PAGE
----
The inspiration for this salad comes from the Seder plate: Although the "bitter herb" is often horseradish, in the Sephardic (or Mediterranean) Jewish world, it can be an assertive green, one with bite. We chose dandelion greens, which are at their peak this time of year. (Please note: for Ashkenazi Jews, the mustard in this recipe is not considered kosher for Passover.)
Appetizing. You think you know what it means: tasty, enticing you to eat. But in the early 20th century, among the Eastern European Jewish immigrants living on New York City's Lower East Side, appetizing was more commonly used as a noun, referring to the delicious array of foods -- smoked fish, cream cheeses, cold salads -- that were traditionally eaten with bagels. Back then, there were upward of 30 "appetizing" stores in the neighborhood. Today, only one remains: Russ & Daughters.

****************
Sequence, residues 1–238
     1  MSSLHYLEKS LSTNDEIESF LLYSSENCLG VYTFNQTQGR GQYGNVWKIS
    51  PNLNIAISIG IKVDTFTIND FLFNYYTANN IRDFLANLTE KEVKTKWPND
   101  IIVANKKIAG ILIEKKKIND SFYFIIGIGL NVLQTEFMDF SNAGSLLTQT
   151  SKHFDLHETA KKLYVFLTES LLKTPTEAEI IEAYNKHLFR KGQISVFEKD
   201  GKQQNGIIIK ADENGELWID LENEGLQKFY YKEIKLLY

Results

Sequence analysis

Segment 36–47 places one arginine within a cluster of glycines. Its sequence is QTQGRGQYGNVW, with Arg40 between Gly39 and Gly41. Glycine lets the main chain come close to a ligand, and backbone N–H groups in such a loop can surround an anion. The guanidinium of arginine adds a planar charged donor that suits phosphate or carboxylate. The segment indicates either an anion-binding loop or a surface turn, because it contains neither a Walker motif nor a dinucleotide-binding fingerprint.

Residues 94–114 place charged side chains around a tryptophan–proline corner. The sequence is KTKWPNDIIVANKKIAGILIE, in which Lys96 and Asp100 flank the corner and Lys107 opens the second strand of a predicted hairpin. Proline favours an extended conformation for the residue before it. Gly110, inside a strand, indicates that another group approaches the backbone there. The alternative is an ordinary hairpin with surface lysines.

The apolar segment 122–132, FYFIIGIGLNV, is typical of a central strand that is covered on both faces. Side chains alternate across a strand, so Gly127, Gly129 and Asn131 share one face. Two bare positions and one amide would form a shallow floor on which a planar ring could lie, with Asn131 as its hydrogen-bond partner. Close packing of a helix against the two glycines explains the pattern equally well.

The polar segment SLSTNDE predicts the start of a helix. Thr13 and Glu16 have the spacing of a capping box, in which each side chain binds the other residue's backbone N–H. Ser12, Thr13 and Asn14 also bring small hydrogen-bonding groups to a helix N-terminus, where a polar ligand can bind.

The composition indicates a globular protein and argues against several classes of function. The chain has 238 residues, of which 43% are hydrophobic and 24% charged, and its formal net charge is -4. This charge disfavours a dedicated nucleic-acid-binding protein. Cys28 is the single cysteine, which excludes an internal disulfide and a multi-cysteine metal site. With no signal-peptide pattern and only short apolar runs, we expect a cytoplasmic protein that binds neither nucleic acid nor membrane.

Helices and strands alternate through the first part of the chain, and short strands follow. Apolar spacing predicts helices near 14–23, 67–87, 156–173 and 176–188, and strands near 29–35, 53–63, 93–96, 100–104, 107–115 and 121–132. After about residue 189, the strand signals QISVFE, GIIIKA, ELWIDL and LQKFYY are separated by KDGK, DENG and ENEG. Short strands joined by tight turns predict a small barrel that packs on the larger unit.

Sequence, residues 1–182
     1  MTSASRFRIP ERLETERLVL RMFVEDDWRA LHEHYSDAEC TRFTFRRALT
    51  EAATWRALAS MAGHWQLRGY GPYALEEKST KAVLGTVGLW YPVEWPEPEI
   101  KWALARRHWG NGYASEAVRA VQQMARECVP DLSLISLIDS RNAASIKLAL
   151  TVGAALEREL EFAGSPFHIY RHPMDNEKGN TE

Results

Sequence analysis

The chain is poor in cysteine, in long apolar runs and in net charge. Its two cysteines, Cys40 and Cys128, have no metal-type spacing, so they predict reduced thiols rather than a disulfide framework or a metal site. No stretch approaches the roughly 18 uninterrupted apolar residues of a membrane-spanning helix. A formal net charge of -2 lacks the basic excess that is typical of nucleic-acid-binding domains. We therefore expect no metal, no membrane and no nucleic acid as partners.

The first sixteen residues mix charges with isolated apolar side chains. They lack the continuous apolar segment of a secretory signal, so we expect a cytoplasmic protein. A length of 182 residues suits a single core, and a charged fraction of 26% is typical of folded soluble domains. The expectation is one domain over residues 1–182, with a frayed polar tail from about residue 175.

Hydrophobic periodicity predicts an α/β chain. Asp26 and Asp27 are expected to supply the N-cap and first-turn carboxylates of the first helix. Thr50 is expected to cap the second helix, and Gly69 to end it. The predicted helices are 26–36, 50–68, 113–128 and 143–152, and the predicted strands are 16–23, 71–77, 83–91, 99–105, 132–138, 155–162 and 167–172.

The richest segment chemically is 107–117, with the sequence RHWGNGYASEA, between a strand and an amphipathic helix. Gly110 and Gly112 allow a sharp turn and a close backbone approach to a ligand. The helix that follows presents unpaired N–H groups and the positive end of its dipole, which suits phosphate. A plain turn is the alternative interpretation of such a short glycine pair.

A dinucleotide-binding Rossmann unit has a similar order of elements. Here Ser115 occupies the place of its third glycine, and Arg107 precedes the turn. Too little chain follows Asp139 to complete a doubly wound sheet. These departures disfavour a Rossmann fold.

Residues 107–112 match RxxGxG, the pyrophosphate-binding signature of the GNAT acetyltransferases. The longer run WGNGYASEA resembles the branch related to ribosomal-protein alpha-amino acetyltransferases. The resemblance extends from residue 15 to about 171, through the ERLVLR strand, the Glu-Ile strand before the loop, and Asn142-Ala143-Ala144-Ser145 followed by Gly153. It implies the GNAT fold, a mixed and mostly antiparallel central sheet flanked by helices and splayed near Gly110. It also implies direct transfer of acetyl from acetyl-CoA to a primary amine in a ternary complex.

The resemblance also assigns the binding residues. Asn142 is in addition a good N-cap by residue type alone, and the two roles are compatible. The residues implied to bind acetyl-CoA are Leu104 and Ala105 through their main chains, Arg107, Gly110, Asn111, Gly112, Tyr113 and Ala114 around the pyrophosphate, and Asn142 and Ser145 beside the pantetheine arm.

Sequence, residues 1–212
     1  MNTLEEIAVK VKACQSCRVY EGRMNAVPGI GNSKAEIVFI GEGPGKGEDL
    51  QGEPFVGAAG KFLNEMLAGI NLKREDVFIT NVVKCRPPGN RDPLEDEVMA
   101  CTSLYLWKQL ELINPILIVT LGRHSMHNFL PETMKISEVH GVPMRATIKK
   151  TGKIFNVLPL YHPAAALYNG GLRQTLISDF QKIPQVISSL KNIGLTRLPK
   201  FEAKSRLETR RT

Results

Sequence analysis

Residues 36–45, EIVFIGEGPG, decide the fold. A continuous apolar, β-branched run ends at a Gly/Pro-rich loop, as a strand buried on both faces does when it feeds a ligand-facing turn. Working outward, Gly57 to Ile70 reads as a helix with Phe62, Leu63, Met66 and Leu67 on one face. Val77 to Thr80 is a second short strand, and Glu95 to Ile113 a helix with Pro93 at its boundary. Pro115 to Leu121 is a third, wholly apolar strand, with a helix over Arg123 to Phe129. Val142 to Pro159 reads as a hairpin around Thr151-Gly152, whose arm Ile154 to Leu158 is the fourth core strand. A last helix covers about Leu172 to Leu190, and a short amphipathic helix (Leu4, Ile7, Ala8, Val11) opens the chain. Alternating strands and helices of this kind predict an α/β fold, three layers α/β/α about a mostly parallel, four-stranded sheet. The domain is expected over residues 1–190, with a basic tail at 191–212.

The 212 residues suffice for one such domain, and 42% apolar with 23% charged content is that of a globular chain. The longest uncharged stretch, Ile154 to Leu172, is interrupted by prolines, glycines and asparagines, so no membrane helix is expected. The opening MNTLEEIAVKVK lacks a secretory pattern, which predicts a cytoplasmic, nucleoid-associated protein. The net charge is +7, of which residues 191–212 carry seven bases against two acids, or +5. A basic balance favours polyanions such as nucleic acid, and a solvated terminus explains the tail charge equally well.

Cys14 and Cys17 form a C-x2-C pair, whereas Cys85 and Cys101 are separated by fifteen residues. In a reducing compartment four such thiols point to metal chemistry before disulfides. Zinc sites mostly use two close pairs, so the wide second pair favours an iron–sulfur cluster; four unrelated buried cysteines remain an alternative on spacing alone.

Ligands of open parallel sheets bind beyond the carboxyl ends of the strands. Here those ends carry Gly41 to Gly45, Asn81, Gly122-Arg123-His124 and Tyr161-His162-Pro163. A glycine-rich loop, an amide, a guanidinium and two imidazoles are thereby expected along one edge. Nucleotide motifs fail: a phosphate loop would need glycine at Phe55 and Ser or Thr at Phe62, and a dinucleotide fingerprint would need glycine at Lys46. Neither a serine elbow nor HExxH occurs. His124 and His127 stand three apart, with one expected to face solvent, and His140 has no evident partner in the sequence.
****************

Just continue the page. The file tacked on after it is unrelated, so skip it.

The refreshing sweetened vinegar-based drink called shrub has its roots in the 18th century. For the beet juice, you will need a juicer -- or to visit a juice bar. Enjoy this shrub mixed with chilled seltzer or spike it with vodka to make the Beet-and-Lemon Shrub Cocktail. Recipe courtesy of Russ and Daughters.
Cubes of smoky, buttery belly lox are pickled in a sweet-sour-salty brine to make this appetizing classic, which can also be purchased ready-made from Russ and Daughters. Pickled lox and onions are delicious served with some of the brine or removed from the brine and accompanied by sour cream sauce. Recipe courtesy of Russ and Daughters.